What do healthcare providers want from medical device manufacturers concerning network and device security?
Martin Nappi, Green Hills SoftwareThe advent of the Internet of Things (IoT) has created enormous opportunity and profound challenges for any business looking to take on the digital transformation. But no industry faces more of a test to make this change than healthcare.
Organizations that want to embrace IoT can struggle for many years in the pursuit of “going digital” and still fail. Hospitals and other healthcare providers have all the operational complexities of other businesses with the added responsibilities of keeping their patients safe, ensuring patient health records are secure and keeping their facilities operational 24/7. Plus, the healthcare industry is a primary target of increasingly sophisticated cybercriminals looking to install ransomware to steal patient health records or harm patients with connected medical devices such as insulin pumps or pacemakers.
A healthcare facility could follow the National Institute of Standards Technology’s cybersecurity framework to the letter, but its network will only be as secure as the weakest entry point. Increasingly, unsecured medical devices are used as beachheads to gain access to a hospital network.
Every type of connected medical device has its own set of complexities that need to be secured at the time of product design. Each device has an application programming interface (API), a user interface, a URL and often interfaces for HDMI, Bluetooth or WiFi, all of which may be exploited if not properly secured by the device manufacturer. Unfortunately, the major burden of responsibility for securing these devices ultimately falls on the healthcare provider.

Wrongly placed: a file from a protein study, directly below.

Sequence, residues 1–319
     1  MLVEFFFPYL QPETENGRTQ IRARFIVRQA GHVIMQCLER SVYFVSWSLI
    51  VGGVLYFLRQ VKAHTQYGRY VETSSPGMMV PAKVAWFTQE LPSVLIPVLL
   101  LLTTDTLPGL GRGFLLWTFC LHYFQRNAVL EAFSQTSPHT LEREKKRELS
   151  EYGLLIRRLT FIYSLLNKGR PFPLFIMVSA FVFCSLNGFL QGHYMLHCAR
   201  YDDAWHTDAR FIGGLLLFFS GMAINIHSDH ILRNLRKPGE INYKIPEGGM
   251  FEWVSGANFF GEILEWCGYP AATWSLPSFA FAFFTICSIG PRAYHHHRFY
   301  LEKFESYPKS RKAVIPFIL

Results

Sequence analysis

Cybercriminals usually focus on stealing electronic health records (EHRs) due to their black market value of $300 to $500 per record. They may also install malware or ransomware on the hospital network, encrypting and disabling the connected servers and systems and causing total disruption to the provision of care. The systems remain dysfunctional until the hospital pays the ransom, finds a way to subvert the encryption algorithm – rarely a trivial task – or restores systems from backups, which could take several days or longer.
A large hospital’s real cost of recovering from a ransomware attack generally runs in the millions of dollars. The cost to a smaller medical practice is usually less, but this does not include the disruption of care and access to patient health information. Healthcare systems might also incur heavy fines under HIPAA and General Data Protection regulations for the theft of EHRs and the breach of personal health information (PHI). Medical device manufacturers that build products to handle, store or transmit PHI may also be subject to substantial monetary penalties if proven negligent in a hospital breach in which PHI was compromised.
Healthcare organizations are bearing the brunt of these crippling attacks. In the first quarter of 2018, several hospitals were attacked and infected with ransomware and, in most cases, paid the ransom. As cybercriminals become more technically sophisticated, medical device manufacturers need to be at least equally as responsive and sophisticated in their efforts to shore up their device security.
Healthcare organizations, hospitals, clinics and other providers are the major customers and primary source of revenue for medical device manufacturers. We contacted about three dozen physicians, executives and other organizations that support, or work on behalf of, healthcare providers. Here are their thoughts about cybersecurity:
- Are you aware that unsecured medical devices on healthcare networks can be used as beachheads to infiltrate the organization’s network and servers, allowing a cybercriminal to install malware or steal Electronic Health Records (EHR)? A solid 95% of the interviewees were aware of this issue. Everyone agreed that “medical device safety and security” must be top of the priority list for all medical devices connected to healthcare networks.